White-Sugar Spread at Record High on Container Shortage Worry
(Bloomberg) -- White-sugar spreads climbed to a record high as a shipping container shortage increased demand for supplies delivered through the exchange.
The March contract’s premium over May futures rose to $23.50 a ton, the highest since the spread began in 2019. The March over May premium also jumped for raw sweetener in New York. Shipping rates have risen due to a shortage of containers and demand to stockpile commodities amid the Covid-19 pandemic.
The container shortage “is resulting in a higher demand for the white contract structure,” because the exchange uses a delivery method called break-bulk, which is cheaper, said Carlos Mera, an analyst at Rabobank International in London.
Exports from India, the second-ranked producer, have slowed as a result of the container shortage. Prices are also drawing support from fund buying and concerns about tighter supplies in Thailand and the European Union, as well as firm import demand from Pakistan.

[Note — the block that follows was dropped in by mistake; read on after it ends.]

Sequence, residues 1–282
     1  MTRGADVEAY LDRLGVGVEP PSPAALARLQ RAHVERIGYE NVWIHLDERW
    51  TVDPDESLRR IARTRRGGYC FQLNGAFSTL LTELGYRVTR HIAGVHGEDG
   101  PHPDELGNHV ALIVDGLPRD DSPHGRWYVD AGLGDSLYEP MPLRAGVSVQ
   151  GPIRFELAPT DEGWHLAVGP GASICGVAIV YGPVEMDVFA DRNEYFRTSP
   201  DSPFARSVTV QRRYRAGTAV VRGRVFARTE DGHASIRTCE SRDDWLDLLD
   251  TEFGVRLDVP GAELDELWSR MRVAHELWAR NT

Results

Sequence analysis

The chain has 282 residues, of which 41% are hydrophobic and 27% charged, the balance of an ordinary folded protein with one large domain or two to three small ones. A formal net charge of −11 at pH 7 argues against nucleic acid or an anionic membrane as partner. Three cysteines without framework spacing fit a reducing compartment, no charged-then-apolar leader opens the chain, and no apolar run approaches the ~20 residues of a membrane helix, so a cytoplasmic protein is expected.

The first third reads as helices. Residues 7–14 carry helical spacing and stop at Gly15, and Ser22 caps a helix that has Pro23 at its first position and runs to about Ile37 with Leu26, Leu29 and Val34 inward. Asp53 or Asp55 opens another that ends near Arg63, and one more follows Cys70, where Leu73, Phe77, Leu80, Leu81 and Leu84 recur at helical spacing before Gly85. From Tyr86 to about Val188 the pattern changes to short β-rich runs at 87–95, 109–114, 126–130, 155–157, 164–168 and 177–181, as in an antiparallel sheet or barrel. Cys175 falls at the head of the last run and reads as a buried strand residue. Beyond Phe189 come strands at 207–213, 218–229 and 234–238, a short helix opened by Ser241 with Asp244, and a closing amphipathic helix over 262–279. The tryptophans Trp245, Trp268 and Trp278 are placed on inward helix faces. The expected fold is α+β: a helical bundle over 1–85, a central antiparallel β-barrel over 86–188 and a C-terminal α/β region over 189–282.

Brazil coffee areas in Minas Gerais and parts of Sao Paulo Espirito Santo got only 30% to 60% of average precipitation in January, as did many sugar-cane areas in the nation’s top center-south region, Donald Keeney, senior meteorologist for Maxar in Gaithersburg, Maryland, said by phone. While ample rain this week brought relief, the conditions last month exacerbated stress to the regions after below normal rain last year, he said. The La Nina event could still bring erratic rain through May.
May white-sugar futures gained 1.7% to settle at $443.40 a ton in London. The March contract, which expires on Feb. 12, landed at $464.70. Raw sugar also advanced in New York. Arabica futures gained as much as 3.5%, the most since Jan. 13.
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